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Highlights From the Presidential Debates: SCOTUS Edition

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By Casey C. Sullivan, Esq. on October 20, 2016 1:02 PM

Last night's presidential debate, the final of three, was the first to devote a significant portion of the discussion to the future of the Supreme Court. And thankfully, SCOTUS came first, meaning the dialogue remained largely coherent, if not always on point.

This debate probably won't be remembered for its fights over D.C. v. Heller or ruminations on the Senate's role in the Supreme Court nomination process. But it did have some points worth noting. Here are our highlights.

Strict Originalism? A Living Constitution? "Pass."

The first question of the night went straight to the role of the Court in society and the candidate's own views on Constitutional interpretation. "First of all, where do you want to see the Court take the country?" debate moderator and Fox News anchor Chris Wallace asked. "Do the founder's words mean what they say or is it a living document to be applied flexibly according to changing circumstances?"

That is, are you a Scalia or a Brandeis? A Robert Bork or a Justice Breyer?

Hillary Clinton went first, sticking to the same talking points she brought up in the second debate. She would appoint justices who supported a woman's right to choose, who believe in marriage equality, who opposed Citizens United, and who would "represent all of us."

Donald Trump took a different tack. "The Supreme Court: It's what it's all about," he opened, but quickly shifted to his recent spat with Justice Ruth Bader Ginsburg. "Justice Ginsburg made some very, very inappropriate statements towards me," Trump explained. It wasn't all Ginsburg v. Trump, though. Donald soon pivoted back to the Second Amendment, declaring that his justices would protect gun rights.

Trump was also the only candidate to directly address interpretation, saying his nominees "will interpret the Constitution the way the founders wanted it interpreted. And I believe that's very, very important."

We're Down to 20 Trump Nominees

For the second time, Trump said that he had named 20 possible SCOTUS nominees. He has, in fact, named 21. We don't know who go cut, but it's possible that it was Senator Mike Lee, a Ted Cruz supporter who has refused to endorse Trump.

But who knows, maybe Trump finally saw those tweets Texas Supreme Court Justice and potential Trump nom. Don Willet sent out about him.

The Second Amendment and D.C. v. Heller

If you just got your SCOTUS information from presidential debates, you could be forgiven for thinking that the Supreme Court dealt only with abortion and guns, as these issues quickly overshadowed any others.

Wallace dove into the question of D.C. v. Heller, the Court's 2008 decision interpreting the Second Amendment. "The court ruled that there is a constitutional right to bear arms, but that right is reasonably limited," Wallace said. "What's wrong with that?"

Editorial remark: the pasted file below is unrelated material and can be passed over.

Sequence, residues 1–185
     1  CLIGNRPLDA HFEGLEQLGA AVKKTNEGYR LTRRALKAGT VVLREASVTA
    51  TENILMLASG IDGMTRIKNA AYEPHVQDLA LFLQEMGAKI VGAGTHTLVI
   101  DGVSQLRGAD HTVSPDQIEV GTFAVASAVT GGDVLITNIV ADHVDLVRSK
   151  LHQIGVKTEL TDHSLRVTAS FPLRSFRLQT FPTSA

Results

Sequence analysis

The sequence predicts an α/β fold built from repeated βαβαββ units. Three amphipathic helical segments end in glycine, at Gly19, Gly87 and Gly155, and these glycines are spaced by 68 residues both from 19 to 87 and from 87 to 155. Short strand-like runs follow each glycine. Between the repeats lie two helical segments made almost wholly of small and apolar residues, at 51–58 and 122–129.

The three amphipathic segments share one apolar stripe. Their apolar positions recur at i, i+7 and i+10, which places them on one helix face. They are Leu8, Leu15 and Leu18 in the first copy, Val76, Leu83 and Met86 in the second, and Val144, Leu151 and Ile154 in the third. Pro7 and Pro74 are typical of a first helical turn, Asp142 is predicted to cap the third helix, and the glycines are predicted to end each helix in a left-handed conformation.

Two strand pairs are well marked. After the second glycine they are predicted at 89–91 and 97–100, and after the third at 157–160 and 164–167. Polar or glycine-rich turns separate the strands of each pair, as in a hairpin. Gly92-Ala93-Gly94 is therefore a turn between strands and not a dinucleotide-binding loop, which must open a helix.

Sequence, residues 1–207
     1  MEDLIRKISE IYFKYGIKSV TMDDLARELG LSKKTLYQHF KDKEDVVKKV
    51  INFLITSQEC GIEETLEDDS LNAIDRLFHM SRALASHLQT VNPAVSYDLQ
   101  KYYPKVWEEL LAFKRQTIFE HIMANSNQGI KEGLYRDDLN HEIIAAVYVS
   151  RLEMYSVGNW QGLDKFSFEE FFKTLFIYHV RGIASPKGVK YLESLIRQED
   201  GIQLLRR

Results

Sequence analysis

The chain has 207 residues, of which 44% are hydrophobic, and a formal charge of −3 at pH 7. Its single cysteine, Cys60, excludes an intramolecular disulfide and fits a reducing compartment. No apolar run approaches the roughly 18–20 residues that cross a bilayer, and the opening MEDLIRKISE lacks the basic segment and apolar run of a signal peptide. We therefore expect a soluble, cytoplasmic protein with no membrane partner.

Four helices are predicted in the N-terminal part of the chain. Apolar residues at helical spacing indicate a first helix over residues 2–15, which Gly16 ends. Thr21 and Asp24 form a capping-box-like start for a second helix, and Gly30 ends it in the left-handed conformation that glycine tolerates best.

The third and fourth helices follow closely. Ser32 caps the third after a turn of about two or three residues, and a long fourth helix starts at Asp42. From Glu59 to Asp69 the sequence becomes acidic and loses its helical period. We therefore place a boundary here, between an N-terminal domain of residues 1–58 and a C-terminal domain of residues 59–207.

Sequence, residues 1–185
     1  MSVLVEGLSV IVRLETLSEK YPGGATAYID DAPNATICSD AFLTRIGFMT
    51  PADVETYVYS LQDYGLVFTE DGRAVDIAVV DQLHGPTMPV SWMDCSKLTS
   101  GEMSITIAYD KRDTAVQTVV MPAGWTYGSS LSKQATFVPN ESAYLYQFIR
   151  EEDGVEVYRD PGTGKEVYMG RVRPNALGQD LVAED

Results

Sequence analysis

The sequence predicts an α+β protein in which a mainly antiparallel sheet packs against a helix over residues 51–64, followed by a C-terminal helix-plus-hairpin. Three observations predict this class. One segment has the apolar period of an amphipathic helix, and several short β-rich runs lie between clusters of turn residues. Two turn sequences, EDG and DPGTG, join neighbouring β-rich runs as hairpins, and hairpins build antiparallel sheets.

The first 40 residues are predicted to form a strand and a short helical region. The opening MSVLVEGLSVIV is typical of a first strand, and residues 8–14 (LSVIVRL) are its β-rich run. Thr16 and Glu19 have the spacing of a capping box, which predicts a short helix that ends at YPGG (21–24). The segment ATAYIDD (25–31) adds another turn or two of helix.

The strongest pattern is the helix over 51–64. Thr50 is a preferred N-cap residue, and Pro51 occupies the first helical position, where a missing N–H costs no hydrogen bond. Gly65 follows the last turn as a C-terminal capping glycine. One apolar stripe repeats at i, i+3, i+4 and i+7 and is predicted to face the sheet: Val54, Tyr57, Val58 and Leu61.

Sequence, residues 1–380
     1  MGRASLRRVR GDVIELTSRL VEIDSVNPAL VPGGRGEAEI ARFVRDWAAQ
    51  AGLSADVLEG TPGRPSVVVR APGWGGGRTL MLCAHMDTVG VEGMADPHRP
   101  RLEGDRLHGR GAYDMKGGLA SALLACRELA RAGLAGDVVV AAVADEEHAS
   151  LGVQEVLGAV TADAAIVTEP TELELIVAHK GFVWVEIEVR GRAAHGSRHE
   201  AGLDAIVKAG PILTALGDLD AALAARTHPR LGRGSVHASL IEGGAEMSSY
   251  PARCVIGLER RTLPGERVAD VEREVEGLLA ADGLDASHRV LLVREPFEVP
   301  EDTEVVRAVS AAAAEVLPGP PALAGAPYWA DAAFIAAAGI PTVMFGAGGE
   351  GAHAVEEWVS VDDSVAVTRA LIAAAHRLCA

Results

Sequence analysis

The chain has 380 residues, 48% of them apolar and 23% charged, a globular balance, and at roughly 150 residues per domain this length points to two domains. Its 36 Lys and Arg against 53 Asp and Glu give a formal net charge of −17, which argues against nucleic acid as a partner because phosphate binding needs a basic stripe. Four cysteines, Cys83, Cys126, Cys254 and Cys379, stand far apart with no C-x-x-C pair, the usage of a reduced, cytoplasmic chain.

Hillary began by emphasizing her support for the Second Amendment, but qualified it, saying that "there can and must be reasonable regulation" so that "people who shouldn't have guns" cannot "threaten you, kill you or members of your family."

As for Heller, she said the D.C. gun control laws the Court struck down were such reasonable regulations, designed to "protect toddlers from guns" by requiring "people to safely store them." The law in question in Heller did require the safe storage of rifles and shotguns, but also banned most handgun and semi-automatic weapon ownership in the District.

When Trump was brought in, he attempted an uncomfortable reference to Justice Scalia, saying that "Justice Scalia was so involved" in the case's outcome. (He wrote the majority opinion.) Later he, claimed that the "best way to help the Second Amendment" was to "appoint justices that will feel very strongly about the Second Amendment, that will not do damage to the Second Amendment."

From Guns to Pregnant Women

The final Supreme Court topic was abortion and reproductive choice. Donald Trump announced that, under his presidency, Roe v. Wade would be overturned and abortion rights would be left to the states to determine. "That'll happen automatically, in my opinion," Trump said, "because I am putting pro-life justices on the Court."

Hillary Clinton again emphasized her support for Roe and the "right to a woman to make the most intimate, most difficult, in many cases, decisions about her health care that one can imagine."

When pressed by Wallace, Clinton vigorously defended her vote against bans on late-term, partial-birth abortions, which Donald Trump later described as "rip[ping] the baby out of the womb of the mother just prior to the birth of the baby." Proposed bans on late-term abortion fail to take into account the life and health of the mother, Clinton argued.

"I have met with the women who toward the end of their pregnancy get the worst news one could get," Clinton said, "that their health is in jeopardy if they continue to carry to term or that something terrible has just happened or just been discovered about the pregnancy. I do not think the United States government should be stepping in and making those most personal of decisions."

And there you have it. The debate soon turned to other topics: immigration, trade, the validity of the election results. The Supreme Court segment didn't hold too many surprises and probably didn't sway too many votes -- but it did, at least, result in a major increase in the number of people googling "Heller."

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